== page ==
So, the phone rings this morning, about 45 minutes before I would normally head to the farm for the day. Turns out there was enough snowfall over night, combined with drifting, that my little 2 wheel drive truck would likely not make it down the road from the highway. So I am having my first day "off" in a few months.
Now while this did make me smile, it was a very guilty smile and I do not really like the time off because it means most of what I normally do has to be done by my should-be-retired parents...plus using the snow-blower to open the paths and road up so that these chores can be done. Not only that, but its still pretty cold here at -27 C. But at least its not windy like yesterday where the windchill had the temperature down around -37 C (although I swear it felt colder at times).
Still, I must say that I feel an exhilaration being outside even in those conditions, an exhilaration that I do not recall in my youth. Back then it would have been hard to get me outside at all, never mind enjoying it so much. Now, I must point out that in a lot ways we are operating little more than a hobby farm at this point. We are tending to less than 20 head of cattle, 6 hogs, and around 130 chickens. This can still be a fair amount of work though, when real winter returns like this. For example, it will have taken at least 2 hours to clear the driving areas of snow today. This must be done whenever there is enough snowfall or drifting, such has been the case twice this week. I know this kind of thing is faced by farmers all over the north, and I am not complaining, merely pointing out that at this time of year the smaller amount of animals we have does not necessarily mean a lot less work.
From a certain perspective though, I still have things pretty easy. I'm generally only out there for 5 or 6 hours a day during the winter. I was doing just 2 or 3 as that was enough to do the lion's share of the work that needed doing, but when I realized that putting the calves and their mothers back in at night was taking dad around an hour...when it just takes me minutes...I decided to find ways to fill in the couple of hours until the early evening when they need to go back in. So now, to fill in that extra time, I have been building a fire in the wood stove in the old house that I grew up in. I then "cook" up some rolled barley for mom's chickens, giving them a warm meal for their gizzards once a day. This seems to be really helping them to lay more regularly during what is becoming a bit of a cold winter. We have our two male barn cats in the old house while a stray female is around, and they just love it when that fire gets stoked up. One of them sits on the oven door, basking in the direct heat from the oven. The fatter one sits on top of the stove until it gets too hot for his feet, then he gets up on the adjacent pantry, laying up there snoozing and absorbing the less intense heat. I must remember to take some pictures of these handsome, if nosy, young fellows, though I have been meaning to do so for months.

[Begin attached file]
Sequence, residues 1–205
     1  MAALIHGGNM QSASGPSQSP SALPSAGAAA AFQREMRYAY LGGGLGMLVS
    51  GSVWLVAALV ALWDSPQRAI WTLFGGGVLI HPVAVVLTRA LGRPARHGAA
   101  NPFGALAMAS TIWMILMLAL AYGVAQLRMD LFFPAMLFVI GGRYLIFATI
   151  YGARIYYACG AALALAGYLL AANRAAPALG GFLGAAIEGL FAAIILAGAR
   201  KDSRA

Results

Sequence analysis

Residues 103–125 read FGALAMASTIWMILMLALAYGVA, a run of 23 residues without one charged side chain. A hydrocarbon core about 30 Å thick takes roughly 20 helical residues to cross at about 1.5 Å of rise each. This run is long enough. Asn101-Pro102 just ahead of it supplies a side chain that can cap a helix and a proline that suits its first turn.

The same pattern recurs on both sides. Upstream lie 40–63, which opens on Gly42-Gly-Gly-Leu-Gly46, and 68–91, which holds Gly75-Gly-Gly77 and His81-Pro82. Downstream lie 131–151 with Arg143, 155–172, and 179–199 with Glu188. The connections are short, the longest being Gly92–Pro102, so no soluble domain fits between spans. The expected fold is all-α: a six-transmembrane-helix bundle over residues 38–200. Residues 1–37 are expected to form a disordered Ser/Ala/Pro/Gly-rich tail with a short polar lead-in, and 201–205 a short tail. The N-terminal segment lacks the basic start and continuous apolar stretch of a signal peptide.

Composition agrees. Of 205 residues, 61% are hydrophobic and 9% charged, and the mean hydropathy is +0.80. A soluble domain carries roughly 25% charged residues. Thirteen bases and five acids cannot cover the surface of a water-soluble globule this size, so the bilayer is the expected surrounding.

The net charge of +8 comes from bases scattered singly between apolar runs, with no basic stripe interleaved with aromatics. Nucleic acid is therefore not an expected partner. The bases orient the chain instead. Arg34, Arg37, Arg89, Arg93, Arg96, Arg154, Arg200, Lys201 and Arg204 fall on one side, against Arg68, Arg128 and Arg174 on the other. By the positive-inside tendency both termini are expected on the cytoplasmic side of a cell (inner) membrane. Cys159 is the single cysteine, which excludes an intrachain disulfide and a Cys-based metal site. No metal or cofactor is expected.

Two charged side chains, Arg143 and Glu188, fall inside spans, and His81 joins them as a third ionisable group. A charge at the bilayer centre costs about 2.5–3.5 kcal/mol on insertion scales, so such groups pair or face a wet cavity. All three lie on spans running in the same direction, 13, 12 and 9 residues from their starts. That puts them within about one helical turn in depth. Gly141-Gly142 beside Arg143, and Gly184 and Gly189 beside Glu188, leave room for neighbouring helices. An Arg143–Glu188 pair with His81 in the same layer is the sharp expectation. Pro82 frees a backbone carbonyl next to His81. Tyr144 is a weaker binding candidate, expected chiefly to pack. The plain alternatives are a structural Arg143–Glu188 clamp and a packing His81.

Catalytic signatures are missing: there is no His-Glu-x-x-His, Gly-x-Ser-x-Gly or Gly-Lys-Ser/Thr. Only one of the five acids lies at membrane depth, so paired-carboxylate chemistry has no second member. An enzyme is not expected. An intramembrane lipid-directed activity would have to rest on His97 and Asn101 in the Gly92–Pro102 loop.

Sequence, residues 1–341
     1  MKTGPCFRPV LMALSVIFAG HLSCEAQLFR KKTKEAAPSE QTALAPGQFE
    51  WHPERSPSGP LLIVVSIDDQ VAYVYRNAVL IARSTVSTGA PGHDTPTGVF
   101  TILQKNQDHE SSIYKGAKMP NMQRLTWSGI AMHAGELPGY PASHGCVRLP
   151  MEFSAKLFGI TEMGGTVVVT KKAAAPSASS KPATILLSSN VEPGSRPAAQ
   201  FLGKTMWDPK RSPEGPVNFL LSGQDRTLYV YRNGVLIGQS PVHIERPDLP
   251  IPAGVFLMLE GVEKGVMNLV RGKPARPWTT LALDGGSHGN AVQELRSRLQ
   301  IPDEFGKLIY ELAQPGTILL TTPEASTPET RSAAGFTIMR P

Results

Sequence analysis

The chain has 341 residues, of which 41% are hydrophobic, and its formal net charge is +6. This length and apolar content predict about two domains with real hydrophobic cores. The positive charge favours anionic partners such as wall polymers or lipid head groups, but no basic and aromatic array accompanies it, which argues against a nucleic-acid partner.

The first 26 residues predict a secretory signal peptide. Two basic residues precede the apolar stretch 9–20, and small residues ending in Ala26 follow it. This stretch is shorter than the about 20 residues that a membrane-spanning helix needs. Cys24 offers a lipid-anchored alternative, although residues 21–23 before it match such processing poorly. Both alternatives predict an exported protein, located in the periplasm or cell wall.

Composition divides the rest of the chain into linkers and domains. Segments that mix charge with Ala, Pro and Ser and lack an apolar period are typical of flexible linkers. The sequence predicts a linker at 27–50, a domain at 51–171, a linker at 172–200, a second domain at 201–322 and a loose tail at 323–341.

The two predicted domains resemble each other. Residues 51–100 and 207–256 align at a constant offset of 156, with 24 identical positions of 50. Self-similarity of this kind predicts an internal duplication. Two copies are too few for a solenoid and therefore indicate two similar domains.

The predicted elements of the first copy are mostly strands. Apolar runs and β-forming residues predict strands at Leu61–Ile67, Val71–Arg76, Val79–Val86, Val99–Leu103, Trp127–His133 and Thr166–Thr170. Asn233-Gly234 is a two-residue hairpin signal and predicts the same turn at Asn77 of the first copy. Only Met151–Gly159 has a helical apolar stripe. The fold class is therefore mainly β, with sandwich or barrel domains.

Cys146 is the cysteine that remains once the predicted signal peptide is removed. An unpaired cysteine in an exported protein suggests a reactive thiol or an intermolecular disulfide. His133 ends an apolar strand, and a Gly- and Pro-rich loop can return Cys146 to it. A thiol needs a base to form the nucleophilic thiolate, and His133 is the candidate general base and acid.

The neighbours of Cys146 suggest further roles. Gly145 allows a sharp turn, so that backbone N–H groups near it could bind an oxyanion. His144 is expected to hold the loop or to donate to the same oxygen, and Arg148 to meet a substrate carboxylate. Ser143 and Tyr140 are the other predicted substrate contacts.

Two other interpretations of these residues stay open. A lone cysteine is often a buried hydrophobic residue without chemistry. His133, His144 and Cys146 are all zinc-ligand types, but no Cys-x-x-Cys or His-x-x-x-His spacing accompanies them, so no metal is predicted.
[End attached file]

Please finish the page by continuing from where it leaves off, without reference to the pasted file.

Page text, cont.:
But back to my snow day, after a bit of a guilty nap, I figured I should take advantage of the time home to catch up on some cleaning in the kitchen and general tidying. Nowhere near all that should be done, but some of the blatant tasks. I also had the chance to have a look at my one operating worm bin here at the condo. The few worms I brought out from the farm seem to be doing quite well but I see I must bring some more. I also rooted through the one finished bin, loosening the wet castings up so that some of the moisture can evaporate, as well as fishing out 5 or 6 worms that still remained. It never ceases to amaze me how long worms can survive with very little attention, even in finished castings.
I'm quite excited about the amount of castings that I have for the next growing season. All together I must gave enough to fill one large Rubbermaid tub, although it is all quite wet so could be mashed into quite a dense little clump if that is what I wanted...which I do not. Suffice it to say, there is easily 3 times as much as we had last year, which yielded a very nice tomato patch. In addition, I found a naturally occurring deposit of worm castings in one of our old barns late this fall. These worms had been protected by a thick pile of plywood which had been forgotten and left laying flat over a thick layer of cow manure. So before the snow fell I was able to gather about 6 large sacks of dry fluffy worm castings...just perfect and ready for the garden come spring. This should mean one kick ass garden this year. I'm kind of excited.
Back to my day off. Peace and comfort, brothers and sisters.
3 months ago